Uniform comparisons of unpaired groups were made with Fisher’s exact test for categorical data. The non-parametric Mann-Whitney U-test was employed to compare continuous variables. The significance level, two-tailed, was set at ≤ 0.01 for significant and ≤ 0.001 for highly significant. p-Values set at ≤ 0.05 and more than > 0.01 were considered as marginally significant.
The mean ages of the patients with AD-CAA and with AD were almost similar and were 77 (63-84) years, and 78 (65-83) years, respectively. No gender differences were observed with an incidence of 41% in the AD-CAA brains and 40% in the AD ones. A territorial infarct was noticed in five (25%) AD-CAA brains and in one (3%) patient with AD without CAA. Lobar hematomas were found in eight (40%) AD-CAA brains and were restricted to one (3%) with only the AD.
No differences concerning the degree of HA and the incidence of HMIs and HMBs between the AD and the AD-CAA brains were observed. A significant difference in the occurrence of CoMIs and CoMBs was found in the neocortex with a considerable increase in the AD-CAA brains (p ≤ 0.001), compared to the similar rate of HMIs and HMBs in the AD and AD-CAA ones (Figure 1 and Figure 2). The occurrence of HMIs and HMBs was more or less similar as in the neocortex of “pure” AD patients (Table 1).
Figure 1 T2 and T2* sequences of a coronal section of a cerebral hemisphere in a patient with AD and CAA. Note in addition to the severe dilation of the temporal horn and the small hippocampus (*), a cortical micro-infarct (white arrow) on the T2 sequence and two cortical micro-bleeds (black arrow) on the T2*.
Figure 2 T2 and T2* sequences of a coronal section of a cerebral hemisphere in a patient with Alzheimer’s dementia without cerebral amyloid angiopathy. There is severe dilation of the temporal horn with a small remaining hippocampus (*).
There is a good correlation between the visual MRI quantification of medial temporal lobe atrophy and HA compared to the classical neuropathological evaluation .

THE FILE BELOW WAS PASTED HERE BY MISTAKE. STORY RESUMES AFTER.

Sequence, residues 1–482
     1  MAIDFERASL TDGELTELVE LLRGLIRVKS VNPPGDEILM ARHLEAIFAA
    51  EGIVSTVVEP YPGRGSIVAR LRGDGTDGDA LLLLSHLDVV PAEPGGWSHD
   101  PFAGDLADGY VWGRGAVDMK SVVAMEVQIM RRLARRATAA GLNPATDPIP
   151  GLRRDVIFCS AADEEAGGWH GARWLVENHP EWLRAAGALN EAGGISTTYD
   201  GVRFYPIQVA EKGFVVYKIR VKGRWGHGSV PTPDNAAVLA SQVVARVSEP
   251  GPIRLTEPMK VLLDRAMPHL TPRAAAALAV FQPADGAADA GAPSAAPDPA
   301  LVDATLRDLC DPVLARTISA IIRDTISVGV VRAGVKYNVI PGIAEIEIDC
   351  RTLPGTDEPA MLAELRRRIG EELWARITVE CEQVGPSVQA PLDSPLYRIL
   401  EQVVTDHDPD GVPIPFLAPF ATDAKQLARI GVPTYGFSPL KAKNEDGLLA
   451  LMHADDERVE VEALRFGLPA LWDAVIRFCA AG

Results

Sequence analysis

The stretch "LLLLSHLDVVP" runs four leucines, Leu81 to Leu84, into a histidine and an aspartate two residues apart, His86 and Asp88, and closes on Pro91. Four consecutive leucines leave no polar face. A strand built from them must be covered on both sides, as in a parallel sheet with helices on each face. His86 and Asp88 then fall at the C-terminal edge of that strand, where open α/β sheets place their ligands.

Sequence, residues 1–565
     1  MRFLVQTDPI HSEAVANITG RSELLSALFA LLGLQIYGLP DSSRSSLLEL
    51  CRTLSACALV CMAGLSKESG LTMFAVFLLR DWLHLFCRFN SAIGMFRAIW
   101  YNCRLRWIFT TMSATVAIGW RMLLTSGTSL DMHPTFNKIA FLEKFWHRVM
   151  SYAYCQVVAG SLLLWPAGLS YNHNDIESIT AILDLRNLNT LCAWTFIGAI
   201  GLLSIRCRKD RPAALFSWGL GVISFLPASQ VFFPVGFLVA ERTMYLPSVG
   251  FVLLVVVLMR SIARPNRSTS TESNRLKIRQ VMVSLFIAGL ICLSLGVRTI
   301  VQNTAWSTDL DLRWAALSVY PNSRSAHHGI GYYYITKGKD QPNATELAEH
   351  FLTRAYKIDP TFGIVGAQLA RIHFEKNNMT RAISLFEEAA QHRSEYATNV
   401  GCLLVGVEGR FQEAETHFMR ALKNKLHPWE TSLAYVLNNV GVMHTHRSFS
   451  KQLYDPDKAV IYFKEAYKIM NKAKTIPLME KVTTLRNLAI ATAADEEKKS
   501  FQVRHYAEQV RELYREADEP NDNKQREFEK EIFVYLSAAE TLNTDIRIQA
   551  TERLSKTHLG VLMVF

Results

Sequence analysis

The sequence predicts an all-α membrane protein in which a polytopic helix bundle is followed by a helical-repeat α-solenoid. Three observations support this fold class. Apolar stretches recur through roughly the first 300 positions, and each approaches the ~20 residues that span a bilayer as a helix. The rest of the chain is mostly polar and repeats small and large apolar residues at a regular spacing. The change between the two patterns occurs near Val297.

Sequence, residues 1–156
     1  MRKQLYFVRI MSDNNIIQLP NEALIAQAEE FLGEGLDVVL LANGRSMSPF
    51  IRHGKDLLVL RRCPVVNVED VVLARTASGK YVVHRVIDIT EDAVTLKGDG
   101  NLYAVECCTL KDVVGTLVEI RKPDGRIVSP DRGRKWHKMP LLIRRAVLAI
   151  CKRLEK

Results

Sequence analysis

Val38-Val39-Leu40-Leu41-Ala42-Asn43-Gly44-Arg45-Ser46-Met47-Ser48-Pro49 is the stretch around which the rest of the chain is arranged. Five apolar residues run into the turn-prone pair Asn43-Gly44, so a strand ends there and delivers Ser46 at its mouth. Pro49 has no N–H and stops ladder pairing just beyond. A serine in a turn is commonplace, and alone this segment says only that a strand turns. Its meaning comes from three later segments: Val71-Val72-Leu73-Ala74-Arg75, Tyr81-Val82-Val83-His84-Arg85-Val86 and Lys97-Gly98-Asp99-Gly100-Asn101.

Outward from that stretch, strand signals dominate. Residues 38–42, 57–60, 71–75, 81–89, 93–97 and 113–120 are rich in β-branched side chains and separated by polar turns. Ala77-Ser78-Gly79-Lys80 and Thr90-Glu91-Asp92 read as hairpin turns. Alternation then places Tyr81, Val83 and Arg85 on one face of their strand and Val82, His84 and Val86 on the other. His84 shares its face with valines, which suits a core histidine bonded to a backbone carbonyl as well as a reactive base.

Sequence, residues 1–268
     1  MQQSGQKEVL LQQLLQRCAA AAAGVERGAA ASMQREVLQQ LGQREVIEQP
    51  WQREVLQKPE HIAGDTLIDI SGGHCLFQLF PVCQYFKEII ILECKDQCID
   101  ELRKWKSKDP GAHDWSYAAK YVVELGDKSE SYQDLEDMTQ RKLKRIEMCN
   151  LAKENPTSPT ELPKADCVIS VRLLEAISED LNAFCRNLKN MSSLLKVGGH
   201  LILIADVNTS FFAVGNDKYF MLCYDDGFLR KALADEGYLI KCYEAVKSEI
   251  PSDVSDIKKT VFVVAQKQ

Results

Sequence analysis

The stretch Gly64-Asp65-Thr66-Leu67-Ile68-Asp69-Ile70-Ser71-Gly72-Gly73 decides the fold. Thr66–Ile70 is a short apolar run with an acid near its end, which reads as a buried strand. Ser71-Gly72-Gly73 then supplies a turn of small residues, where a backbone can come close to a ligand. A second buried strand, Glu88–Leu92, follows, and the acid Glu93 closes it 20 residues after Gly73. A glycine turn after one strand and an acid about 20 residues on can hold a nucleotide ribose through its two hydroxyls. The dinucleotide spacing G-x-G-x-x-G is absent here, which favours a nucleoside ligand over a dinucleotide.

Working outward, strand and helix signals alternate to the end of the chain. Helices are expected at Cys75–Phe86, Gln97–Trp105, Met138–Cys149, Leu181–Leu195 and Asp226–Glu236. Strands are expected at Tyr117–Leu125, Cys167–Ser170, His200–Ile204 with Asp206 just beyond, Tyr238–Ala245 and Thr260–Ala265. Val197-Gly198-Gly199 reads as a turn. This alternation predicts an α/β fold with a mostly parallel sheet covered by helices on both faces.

The present study revealed no difference in the degree of HA and the frequency of HMIs and HMBs between AD-CAA brains and AD brains. This is in contrast with the high incidence of neocortical CoMIs and CoMBs in AD-CAA brains compared to “pure” AD ones (p ≤ 0.001). In the present post-mortem study, no association between β-amyloid or tau proteins and rates of HA was established in AD brains.
HA is not specific to AD with or without CAA but is also observed in frontotemporal dementia [14,15]. The higher incidence of neocortical CoMiIs and CoMiBs has already been described in some earlier studies [16,17].
Both AD-CAA and AD patients were of similarly advanced age when they died. The disease duration was not evaluated, as the early clinical onset of AD is not always clear. During the aging process, only increased severity of white matter changes and the incidence of CoMBs are observed. CoMIs showed no increase with advancing age .
Some previous studies have shown a higher incidence of CoMIs and CoMiBs in the neocortex of patients with AD-CAA compared to AD ones [12,19,20]. Also, in CAA patients without AD features, the incidence of these lesions is even higher than in AD-CAA ones .
It can be concluded that CAA has no significant influence on the degree of HA and the associated small cerebrovascular lesions in contrast to those in the hemispheric neocortex. Further studies on large populations are suggested to establish a clear link and thereby take proper diagnostic and preventive interventions to reduce morbidities from the deadly disease of CAA.
Jacques De Reuck has designed the study. Together with Florent Auger and Nicolas Durieux he performed the MRI examinations. Claude-Alain Maurage and Vincent Deramecourt performed the macroscopic and histological examinations of the brains. Charlotte Cordonnier, Florence Pasquier, Didier Leys and Regis Bordet were responsible for clinical evaluation during life.
The authors have declared that no competing interests exist.